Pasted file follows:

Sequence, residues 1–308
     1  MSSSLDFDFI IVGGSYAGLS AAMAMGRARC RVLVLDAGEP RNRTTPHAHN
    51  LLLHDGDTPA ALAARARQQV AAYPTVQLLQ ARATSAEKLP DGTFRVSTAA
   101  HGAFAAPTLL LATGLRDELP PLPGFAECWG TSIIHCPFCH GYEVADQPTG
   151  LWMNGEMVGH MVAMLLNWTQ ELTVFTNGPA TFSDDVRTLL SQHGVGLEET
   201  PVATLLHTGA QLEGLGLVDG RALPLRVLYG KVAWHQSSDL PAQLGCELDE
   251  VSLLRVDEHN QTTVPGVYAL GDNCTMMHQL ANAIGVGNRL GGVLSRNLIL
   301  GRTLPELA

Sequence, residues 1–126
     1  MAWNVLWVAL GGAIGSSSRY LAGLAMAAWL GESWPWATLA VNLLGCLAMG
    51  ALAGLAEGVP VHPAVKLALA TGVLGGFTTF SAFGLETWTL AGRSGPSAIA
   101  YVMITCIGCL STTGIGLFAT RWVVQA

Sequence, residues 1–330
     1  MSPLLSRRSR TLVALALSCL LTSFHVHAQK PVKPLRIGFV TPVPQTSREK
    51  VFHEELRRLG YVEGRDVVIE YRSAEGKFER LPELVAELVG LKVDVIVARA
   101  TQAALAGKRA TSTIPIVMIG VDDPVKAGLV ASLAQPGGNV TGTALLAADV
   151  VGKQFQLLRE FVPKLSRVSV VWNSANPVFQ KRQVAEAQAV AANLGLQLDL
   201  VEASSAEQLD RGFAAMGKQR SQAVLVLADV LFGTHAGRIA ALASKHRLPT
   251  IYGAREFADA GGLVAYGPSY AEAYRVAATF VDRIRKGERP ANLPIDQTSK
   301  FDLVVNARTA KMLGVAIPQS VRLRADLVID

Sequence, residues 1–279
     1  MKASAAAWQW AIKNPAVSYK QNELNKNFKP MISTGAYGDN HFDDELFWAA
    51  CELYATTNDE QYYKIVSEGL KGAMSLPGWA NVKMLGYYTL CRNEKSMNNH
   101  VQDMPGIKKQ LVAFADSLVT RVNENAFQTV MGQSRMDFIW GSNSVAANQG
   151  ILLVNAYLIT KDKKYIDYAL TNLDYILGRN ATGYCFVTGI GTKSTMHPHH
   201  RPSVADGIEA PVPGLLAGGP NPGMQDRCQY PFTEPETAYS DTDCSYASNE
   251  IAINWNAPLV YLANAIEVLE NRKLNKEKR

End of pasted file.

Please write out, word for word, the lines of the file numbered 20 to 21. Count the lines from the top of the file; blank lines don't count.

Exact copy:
   301  FDLVVNARTA KMLGVAIPQS VRLRADLVID

Sequence, residues 1–279